CODA (2021) – My rating: 7.5/10

CODA is a coming-of-age comedy drama written and directed by Sian Heder. The film was released in theaters and through the Apple TV+ streaming service. CODA deals with a family of all deaf members, except one.

I couldn’t imagine how this scenario would impact the only hearing and speaking person in the family, so I tuned in (no pun intended). I believe the deaf community was well represented in this sensitive, well-thought-out movie.

In Gloucester, Massachusetts, Ruby Rossi (Emilia Jones) is the only hearing member of her family; her parents Frank (Troy Kotsur) and Jackie Jones (Marlee Matlin) as well as their older brother Leo Jones (Daniel Durant) are all culturally Deaf. Ruby assists with the family fishing business and plans to join it full-time after finishing high school.

Because of her family, Ruby is seen as an outcast at school. When she notices her crush, Miles (Ferdia Walsh-Peelo), is signing up for choir, Ruby impulsively does the same. The choir is run by Bernardo “Mr. V” Villalobos (Eugenio Derbez), who orders the students to sing Happy Birthday to You. Faced with having to sing in front of the class Ruby panics and runs away. She later returns to Mr. V and explains that she was bullied for talking funny as a child. Mr. V accepts Ruby back into the choir, telling her there is room for all kinds of voices. He is later surprised when he hears Ruby sing and realizes her voice is beautiful.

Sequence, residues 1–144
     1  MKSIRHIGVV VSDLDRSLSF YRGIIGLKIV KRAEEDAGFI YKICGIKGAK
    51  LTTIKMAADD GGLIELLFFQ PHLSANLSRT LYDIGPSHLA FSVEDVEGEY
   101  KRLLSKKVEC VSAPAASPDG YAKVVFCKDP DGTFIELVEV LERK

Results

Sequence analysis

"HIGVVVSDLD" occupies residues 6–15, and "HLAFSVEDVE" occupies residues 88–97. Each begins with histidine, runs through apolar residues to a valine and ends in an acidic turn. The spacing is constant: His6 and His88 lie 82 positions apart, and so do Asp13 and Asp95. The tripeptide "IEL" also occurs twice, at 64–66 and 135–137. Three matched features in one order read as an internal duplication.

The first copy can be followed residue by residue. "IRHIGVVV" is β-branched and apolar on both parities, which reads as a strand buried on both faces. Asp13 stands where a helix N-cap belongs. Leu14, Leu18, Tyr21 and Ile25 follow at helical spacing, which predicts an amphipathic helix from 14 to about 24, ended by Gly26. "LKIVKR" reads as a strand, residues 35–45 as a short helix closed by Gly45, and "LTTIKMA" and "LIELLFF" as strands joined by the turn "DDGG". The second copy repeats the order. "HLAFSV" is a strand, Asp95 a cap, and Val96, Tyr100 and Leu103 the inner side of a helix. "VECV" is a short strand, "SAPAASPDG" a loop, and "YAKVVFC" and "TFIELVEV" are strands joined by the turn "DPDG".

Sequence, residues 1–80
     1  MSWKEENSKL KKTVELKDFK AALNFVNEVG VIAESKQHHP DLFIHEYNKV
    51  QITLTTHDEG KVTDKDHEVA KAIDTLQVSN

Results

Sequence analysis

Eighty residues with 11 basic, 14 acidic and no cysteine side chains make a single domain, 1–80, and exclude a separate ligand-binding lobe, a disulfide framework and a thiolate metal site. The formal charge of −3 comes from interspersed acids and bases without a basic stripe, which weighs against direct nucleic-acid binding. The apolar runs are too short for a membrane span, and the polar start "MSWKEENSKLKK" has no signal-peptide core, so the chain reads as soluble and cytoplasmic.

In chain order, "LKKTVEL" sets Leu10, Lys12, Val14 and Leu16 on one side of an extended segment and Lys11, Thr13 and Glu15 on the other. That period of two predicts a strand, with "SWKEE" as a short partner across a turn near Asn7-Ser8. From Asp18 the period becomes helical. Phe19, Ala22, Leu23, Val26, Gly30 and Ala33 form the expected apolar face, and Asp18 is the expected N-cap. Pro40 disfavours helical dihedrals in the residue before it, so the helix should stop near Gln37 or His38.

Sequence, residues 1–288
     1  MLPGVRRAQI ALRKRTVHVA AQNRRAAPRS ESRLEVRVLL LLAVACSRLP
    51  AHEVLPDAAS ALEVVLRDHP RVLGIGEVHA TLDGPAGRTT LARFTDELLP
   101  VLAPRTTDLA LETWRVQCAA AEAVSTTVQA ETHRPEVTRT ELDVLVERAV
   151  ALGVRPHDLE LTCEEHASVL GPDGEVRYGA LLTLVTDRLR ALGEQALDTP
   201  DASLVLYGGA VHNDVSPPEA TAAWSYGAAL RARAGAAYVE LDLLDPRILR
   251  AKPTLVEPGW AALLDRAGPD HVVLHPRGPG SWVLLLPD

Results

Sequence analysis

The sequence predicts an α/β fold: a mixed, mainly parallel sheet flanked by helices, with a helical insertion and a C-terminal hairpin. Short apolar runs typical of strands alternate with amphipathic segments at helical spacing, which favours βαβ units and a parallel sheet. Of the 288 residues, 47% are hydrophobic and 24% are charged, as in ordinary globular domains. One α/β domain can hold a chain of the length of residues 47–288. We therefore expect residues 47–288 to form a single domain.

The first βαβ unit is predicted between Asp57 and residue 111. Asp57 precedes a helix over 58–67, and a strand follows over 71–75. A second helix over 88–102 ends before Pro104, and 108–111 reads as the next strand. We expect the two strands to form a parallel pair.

The struggles of the Jones family get very real and Ruby’s assistance is imperative.  What do you do when your family business is not your dream.  Ruby has a beautiful voice and can make a better life for herself by attending an institution for the arts.  CODA has some very funny moments and very real issues that come into play.  The situation almost reminds me of families with children that need organs or some part of their body that only family can provide.  It is horrible when you are the designated fulfillment center for an unhealthy family member.  It is kind of like you only exist so that the needy family member can survive.  While Ruby’s situation isn’t quite that bad, it still demands a decision whether or not to provide her services to the family and forget the life she could have had or not.  CODA is a touching story of love, devotion, and life.  Review aggregator website Rotten Tomatoes reported that 96% of 250 reviews of the film were positive, with an average rating of 7.9/10. The site’s critics consensus reads, “CODA’s story offers few surprises, but strong representation and a terrific cast—led by Emilia Jones’ brilliant performance—bring this coming-of-age story vividly to life.

USA Today reported deaf viewers’ varied reactions to the film. They praised the casting and performances of deaf actors and found the depiction of deaf characters as self-sufficient and sexually active people to be in welcome contrast to previous depictions on screen. Delbert Whetter, the vice-chair of nonprofit RespectAbility, said, “After seeing so many stories where people with disabilities are depicted as helpless, forlorn souls needing to be rescued, it is so refreshing to see a story with Deaf characters that are small business owners and leaders in their fishing community, with depth and nuance that rival and even exceed that of their hearing counterparts in the story.” Deaf writer Sara Nović also said, “I liked that these characters were sexual beings—deaf and disabled people are often neutered or virginal in movies and books, and that’s extremely boring and inaccurate.”  CODA was nominated for Best Motion Picture – Drama and Best Supporting Actor (for Kotsur) at the 79th Golden Globe Awards and can be seen on Apple TV+ — Check it Out!

[CODA is Oscar-nominated at the 94th Academy Awards for Best: Picture, Supporting Actor, and Writing: Adapted Screenplay — Totaling 3 Oscar Nominations]

 

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